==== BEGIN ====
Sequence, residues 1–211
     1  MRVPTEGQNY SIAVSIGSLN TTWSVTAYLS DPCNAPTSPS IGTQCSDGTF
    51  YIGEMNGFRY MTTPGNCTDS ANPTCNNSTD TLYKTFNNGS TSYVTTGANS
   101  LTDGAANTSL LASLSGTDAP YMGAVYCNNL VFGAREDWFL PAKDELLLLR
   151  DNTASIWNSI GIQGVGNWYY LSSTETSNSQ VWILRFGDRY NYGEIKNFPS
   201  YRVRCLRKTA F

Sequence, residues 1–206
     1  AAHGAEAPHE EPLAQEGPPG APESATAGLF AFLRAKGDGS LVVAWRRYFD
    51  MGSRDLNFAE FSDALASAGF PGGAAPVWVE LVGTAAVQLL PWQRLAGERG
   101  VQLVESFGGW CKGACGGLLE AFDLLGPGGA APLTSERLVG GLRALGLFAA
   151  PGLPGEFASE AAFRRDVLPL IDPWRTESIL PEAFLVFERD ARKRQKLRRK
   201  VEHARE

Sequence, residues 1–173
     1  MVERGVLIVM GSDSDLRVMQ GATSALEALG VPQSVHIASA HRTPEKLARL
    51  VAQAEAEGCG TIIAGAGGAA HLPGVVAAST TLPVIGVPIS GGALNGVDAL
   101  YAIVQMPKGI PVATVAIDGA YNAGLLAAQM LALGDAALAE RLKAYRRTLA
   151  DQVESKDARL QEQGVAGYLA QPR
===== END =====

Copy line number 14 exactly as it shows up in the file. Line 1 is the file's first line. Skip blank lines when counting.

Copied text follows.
     1  MVERGVLIVM GSDSDLRVMQ GATSALEALG VPQSVHIASA HRTPEKLARL